As I have indicated publicly, to date 1,084 574 students have been funded by NSFAS in 2023.

Of the total number of first-time entering students provisionally funded 532,602 are SASSA beneficiaries – this accounts for 80% of First Time Entering Student who applied and are funded by NSFAS. 443 617 Student have opted to study at universities as compared to 211,235 students that have chosen TVET college as their preferred institution to study.

Again, NSFAS has improved its systems to enable it to make real time funding decisions.  At this stage NSFAS is able to make real-time funding decisions for SASSA beneficiaries, while it continues to engage with SARS to enable the same for all its other applicants.

Programme director, I felt that it is important that I highlight these important developments that are taking place in our sector before I conclude on remarks today.

Thank you for very much for the opportunity to be here today and I wish MUT success under its current leadership.

Word Count:1810

Mr Sandile Zungu’s speech on the occasion of his installation as Chancellor of MUT


The role of universities in serving the developmental needs of their immediate communities and society

Dr Blade Nzimande, Minister of Higher Education, Science and Innovation

Madam Bridget Motsepe-Radebe, Pan-African Parliament Ambassador for Women Entrepreneurship and Economic Development in Africa

Prince Mangosuthu Buthelezi, The MUT Founder

Anlin Sun, Acting Consul General of the Chinese Consulate in Durban

Dr Nkosinathi Sishi, Director-General of the Department of Higher Education and Training

Dr Marcia Socikwa, Deputy Director-General of the Department of Higher Education and Training

Emeritus Justice Sisi Khampepe, Chancellor of the University of Pretoria

Dr Judy Dlamini, Chancellor of the University of the Witwatersrand

Sandile Zungu, the Chancellor-elect and his family

Professor Lourens van Staden, the MUT Administrator

Prof Marcus Ramogale, the MUT Acting Vice-Chancellor

Members of the royal family

Industry Captains

Executive Management of MUT

The Student Representative Council

The Convocation Executive

MUT Staff and students

Distinguished guests which includes unkosikazi wami, umkhwe nomkhwekazi wami, osbari bami, my brothers and sisters, friends, ladies and gentlemen


Heeeeeebe! Usuthu!….


I am deeply honoured for the opportunity to contribute to Mangosuthu University of Technology as its Chancellor for the next five years. I was initially reluctant to accept the Chancellorship, only because of the calibre of leaders on whose shadow I will have to walk. Let’s name the former MUT Chancellors: Reverend Dr KEM Mgojo, former premier Willies Mchunu and former minister Lindiwe Sisulu. How do I begin to walk in the shoes of such African giants? I am not the one to shy away from responsibility. I therefore commit to doing my best to honour the tradition of Chancellorship which my predecessors championed for this university.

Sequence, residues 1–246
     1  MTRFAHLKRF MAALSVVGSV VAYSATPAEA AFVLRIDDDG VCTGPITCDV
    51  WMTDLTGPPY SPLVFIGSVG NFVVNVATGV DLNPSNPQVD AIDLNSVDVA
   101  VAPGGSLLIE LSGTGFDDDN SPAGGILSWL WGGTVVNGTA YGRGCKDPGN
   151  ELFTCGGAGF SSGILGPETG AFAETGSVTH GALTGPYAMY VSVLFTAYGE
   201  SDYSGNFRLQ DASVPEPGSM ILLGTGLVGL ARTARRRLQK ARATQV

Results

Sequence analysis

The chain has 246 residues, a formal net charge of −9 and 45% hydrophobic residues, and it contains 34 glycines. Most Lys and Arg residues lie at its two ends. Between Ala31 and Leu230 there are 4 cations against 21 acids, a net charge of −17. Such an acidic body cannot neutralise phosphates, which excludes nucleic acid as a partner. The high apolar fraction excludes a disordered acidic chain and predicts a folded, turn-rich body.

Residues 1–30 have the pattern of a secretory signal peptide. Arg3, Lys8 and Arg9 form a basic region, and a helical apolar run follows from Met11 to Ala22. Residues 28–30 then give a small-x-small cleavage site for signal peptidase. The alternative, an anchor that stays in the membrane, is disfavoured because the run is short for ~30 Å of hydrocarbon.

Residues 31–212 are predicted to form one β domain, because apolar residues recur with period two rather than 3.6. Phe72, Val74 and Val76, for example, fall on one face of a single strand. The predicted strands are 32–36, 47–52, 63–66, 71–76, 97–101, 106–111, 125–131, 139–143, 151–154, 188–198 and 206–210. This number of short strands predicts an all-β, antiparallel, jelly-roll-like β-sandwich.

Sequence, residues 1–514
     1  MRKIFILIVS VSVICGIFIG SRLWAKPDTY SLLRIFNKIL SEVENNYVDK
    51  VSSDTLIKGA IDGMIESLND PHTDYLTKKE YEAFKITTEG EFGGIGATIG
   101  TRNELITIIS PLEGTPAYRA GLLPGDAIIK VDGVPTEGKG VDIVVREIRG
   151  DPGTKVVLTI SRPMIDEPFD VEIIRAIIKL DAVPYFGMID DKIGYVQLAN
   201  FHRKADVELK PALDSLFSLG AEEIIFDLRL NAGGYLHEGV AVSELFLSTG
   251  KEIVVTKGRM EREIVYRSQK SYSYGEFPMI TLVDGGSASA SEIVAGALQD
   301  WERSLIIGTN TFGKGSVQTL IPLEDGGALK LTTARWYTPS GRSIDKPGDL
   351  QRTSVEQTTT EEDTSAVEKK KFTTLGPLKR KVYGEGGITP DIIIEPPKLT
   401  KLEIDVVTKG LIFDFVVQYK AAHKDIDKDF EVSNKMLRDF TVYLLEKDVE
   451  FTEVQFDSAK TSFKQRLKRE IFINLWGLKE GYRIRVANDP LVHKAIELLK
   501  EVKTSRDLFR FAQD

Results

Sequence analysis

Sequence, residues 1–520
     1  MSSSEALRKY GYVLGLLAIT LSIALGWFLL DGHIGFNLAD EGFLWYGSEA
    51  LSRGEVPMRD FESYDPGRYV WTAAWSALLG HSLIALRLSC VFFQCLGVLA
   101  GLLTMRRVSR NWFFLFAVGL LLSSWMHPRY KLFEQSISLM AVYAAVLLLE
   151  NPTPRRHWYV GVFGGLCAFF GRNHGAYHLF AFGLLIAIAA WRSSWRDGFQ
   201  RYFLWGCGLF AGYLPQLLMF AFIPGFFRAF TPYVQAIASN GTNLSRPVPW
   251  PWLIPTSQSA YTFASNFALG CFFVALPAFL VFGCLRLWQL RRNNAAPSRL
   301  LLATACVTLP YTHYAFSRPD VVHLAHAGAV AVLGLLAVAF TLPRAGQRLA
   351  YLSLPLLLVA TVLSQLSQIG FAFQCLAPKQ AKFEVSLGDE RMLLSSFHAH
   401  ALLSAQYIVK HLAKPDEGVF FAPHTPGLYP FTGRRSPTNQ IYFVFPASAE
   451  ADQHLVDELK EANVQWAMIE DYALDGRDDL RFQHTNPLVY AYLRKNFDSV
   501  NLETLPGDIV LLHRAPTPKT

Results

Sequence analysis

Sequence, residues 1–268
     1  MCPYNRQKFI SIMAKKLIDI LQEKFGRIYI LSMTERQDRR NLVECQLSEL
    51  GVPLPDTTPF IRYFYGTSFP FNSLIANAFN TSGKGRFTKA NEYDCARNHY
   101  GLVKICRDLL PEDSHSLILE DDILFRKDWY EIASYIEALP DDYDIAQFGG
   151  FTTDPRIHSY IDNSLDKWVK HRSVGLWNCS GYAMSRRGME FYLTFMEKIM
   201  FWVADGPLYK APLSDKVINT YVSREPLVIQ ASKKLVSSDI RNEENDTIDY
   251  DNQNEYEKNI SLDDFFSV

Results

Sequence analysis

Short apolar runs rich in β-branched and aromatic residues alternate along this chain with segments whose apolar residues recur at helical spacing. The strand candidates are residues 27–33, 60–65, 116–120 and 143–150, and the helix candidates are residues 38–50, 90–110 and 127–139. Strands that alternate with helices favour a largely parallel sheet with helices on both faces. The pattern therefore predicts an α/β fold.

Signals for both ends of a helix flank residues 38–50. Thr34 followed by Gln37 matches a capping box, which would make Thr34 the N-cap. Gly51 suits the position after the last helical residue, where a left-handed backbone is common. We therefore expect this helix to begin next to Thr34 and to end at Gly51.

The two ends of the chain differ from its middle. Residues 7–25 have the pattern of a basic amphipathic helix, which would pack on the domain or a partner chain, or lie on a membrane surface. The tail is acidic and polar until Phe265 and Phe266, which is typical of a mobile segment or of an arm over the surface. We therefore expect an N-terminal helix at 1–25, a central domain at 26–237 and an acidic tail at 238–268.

My journey and that of MUT are similar in many respects. Like MUT, I was born and raised in Umlazi Township, which is also where I matriculated. MUT and I also share a common first love, Engineering. My first qualification is in Mechanical Engineering, and for MUT, Engineering was the University’s founding faculty. Many people probably know me better as a businessperson or an entrepreneur, which by coincidence is also where the University is headed.

With this background in mind, I want to move to the crux of my speech. My speech will focus on the role that universities should play in serving the developmental needs of society in general and their immediate communities. My speech will not be academic, not in the original sense of the word, but I want to locate it within the culture of public intellectualism. As such, I want to introduce an idea that challenges the often-imagined barrier and/or belief that to contribute to intellectual discourses about issues that our communities face, one must be an academic or a researcher. This idea forms the foundation of a lot of what I am going to share with you.

I am not the first person to comment on the role of universities and neither will I be the last. For example, in his inauguration as Chancellor of UNISA, former president Thabo Mbeki, said, “higher education is also important for good citizenship and for enriching and diversifying people’s lives”.  While former president of Tanzania, Mwalimu Julius Nyerere, in his 1963 speech as Chancellor of the University of East Africa said:  “For let us be quite clear; the University has not been established purely for prestige purposes. It has a very definite role to play in development in this area, and to do this effectively it must be in, and of, the community it has been established to serve.”

Part of what I am doing with this speech is to invite you to imagine what the role of our beloved MUT should be given the current challenges. This is an important exercise for two reasons: 1. MUT is located at the heart of a sprawling township, Umlazi, which means that its role cannot be the same as the role played by other relatively more privileged universities in their respective communities; and 2. Being located in Umlazi also means that the university has first-hand experience with some of the challenges that the community is faced with. But Universities are where new ideas are developed, debated and tested; it is also where future generations are educated and trained.